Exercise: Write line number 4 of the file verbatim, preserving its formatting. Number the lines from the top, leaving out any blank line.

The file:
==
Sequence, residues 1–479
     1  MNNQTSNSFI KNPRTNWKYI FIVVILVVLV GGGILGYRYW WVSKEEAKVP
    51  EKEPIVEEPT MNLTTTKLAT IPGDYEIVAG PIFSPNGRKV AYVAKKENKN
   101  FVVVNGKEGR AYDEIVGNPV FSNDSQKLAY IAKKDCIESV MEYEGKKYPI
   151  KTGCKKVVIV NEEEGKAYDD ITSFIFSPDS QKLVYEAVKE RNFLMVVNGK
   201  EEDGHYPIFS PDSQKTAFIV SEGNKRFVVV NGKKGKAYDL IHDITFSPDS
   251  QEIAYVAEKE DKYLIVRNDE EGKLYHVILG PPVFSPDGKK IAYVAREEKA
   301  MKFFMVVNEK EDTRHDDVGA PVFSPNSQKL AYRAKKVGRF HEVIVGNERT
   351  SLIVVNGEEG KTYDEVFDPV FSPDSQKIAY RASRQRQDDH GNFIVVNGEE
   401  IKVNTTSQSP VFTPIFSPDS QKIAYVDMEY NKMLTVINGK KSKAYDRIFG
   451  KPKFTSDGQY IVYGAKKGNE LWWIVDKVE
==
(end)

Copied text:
   101  FVVVNGKEGR AYDEIVGNPV FSNDSQKLAY IAKKDCIESV MEYEGKKYPI